In the 60's the swimming pool became a reality, after many years of planning. The pool opened in 1961. During this same year the wood-burning stove was replaced with a gas stove. The use of counselors was to replace the monitor in each dorm, and while crafts were not completely new, they were now part of the planned program. "Camp Omagh" lasted 6 weeks. Indian Folk Lore was introduced and Friday night became a very important climax to each week. Teen Week became very popular.

In the 70's a Girls' Week had a small beginning but later was changed to a week-end retreat and has become very well attended. A trampoline was installed to allow increased activities for the campers. It has proven to be a favourite for the young people. Volleyball and football are also popular sports. But the game of all games is "Capture the Flag". Swimming instruction was given daily. Bus outings to Bronte Provincial Park were enjoyed.

A Picnic and Fun Day marked the 40th Anniversary of Omagh. Many friends gathered to reminisce. "Goldie" the wonder horse was the special attraction.

The modern era

In the 70's more building. In 1978 Mr. Fred Whittington from the Church of Christ in Bramalea, Ontario, designed and built a new washroom office complex, with showers and running hot water. A grand opening, complete with a ribbon cutting ceremony, fundraising, picnic and fun day, starring "Goldie" the Wonder Horse was held on July 15, 1978.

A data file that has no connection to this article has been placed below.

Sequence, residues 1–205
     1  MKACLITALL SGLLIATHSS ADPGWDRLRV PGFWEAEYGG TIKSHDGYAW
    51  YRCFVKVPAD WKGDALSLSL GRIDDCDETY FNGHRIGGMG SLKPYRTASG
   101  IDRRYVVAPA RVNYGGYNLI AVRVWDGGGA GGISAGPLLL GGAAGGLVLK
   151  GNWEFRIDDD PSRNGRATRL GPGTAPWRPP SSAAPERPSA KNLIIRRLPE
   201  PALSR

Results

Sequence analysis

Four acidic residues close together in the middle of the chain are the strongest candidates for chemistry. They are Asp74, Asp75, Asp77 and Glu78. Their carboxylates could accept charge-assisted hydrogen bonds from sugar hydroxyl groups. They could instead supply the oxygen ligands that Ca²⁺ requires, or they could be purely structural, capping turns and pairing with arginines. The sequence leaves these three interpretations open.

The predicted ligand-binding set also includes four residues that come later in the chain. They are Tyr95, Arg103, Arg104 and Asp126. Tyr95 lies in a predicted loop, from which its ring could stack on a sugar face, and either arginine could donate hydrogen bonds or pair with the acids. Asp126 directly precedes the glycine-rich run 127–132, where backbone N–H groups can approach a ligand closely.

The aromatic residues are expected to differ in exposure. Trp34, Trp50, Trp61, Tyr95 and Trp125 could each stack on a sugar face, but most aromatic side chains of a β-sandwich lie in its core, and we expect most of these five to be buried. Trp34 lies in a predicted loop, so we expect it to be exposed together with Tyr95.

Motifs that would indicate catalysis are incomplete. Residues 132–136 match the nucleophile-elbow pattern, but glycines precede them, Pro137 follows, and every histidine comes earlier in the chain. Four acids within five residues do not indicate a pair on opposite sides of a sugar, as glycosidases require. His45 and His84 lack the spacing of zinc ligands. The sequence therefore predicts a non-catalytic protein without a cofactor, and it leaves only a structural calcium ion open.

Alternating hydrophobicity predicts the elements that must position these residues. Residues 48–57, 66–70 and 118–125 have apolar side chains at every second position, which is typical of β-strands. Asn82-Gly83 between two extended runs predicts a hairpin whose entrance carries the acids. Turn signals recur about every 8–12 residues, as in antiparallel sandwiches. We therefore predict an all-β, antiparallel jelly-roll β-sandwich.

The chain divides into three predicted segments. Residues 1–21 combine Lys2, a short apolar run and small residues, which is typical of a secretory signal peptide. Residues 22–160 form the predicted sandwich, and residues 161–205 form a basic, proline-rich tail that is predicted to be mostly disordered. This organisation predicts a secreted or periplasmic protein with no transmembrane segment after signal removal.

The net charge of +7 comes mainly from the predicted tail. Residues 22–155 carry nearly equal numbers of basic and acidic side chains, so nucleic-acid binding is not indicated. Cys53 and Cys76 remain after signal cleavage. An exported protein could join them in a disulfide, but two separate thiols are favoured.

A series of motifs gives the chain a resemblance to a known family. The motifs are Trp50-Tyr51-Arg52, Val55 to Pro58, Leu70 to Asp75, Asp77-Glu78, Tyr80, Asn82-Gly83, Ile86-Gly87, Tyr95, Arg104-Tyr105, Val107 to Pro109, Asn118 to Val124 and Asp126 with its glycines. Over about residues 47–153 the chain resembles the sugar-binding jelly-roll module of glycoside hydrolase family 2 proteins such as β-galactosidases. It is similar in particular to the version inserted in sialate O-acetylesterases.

We are now entering the 80's. A week of Family Fellowship, just a little different from those in the 50's was introduced. Tents and campers sprung up everywhere on the grounds. Families enjoyed a week of fun and fellowship.

The directors of Omagh now number 11. Many, many fine dedicated Christians have worked so hard over these 40 odd years for Omagh. It is impossible to mention names for fear of missing some. They have served as President of the Corporation, Directors, Secretaries, Principal of the School, Teachers, Monitors, Cooks, Medical Director, Nurse, Camp Director, Sports Director, Counsellors, Lifeguard, Craft Director, Maintenance Workers and Auditors.

The students? Without them we would have nothing. Many came to know God as Creator of all things. Many developed a deep faith in the Bible as the Word of God. Many heard the gospel for the first time. Many were baptized. Many became preachers of the gospel serving here in Canada and in the mission field. Many lasting friendships were formed, and yes, many Christian marriages. That dream so many years ago has, and still is, being fulfilled.